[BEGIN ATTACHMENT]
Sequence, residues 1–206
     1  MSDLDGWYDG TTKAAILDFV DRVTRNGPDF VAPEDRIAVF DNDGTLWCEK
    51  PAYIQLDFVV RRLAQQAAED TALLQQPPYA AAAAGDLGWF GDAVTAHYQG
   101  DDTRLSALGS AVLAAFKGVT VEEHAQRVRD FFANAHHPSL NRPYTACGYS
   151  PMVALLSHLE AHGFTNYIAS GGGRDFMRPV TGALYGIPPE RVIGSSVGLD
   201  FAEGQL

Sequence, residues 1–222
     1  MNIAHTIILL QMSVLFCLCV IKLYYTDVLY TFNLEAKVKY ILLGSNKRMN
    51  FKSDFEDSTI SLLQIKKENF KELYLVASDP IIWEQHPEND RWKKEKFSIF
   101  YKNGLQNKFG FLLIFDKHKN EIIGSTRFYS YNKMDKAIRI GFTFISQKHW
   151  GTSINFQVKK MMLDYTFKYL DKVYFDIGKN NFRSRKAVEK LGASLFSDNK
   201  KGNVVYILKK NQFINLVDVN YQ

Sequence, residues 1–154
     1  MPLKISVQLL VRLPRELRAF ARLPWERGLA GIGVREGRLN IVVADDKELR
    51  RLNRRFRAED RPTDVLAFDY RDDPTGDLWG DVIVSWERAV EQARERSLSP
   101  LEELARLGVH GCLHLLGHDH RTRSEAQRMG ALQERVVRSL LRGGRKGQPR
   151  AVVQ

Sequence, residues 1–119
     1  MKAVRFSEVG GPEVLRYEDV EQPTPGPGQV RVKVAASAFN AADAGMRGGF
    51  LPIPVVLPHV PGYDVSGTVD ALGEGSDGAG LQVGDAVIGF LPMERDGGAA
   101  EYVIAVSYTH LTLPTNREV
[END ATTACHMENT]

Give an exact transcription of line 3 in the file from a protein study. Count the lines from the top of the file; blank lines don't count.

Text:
    51  PAYIQLDFVV RRLAQQAAED TALLQQPPYA AAAAGDLGWF GDAVTAHYQG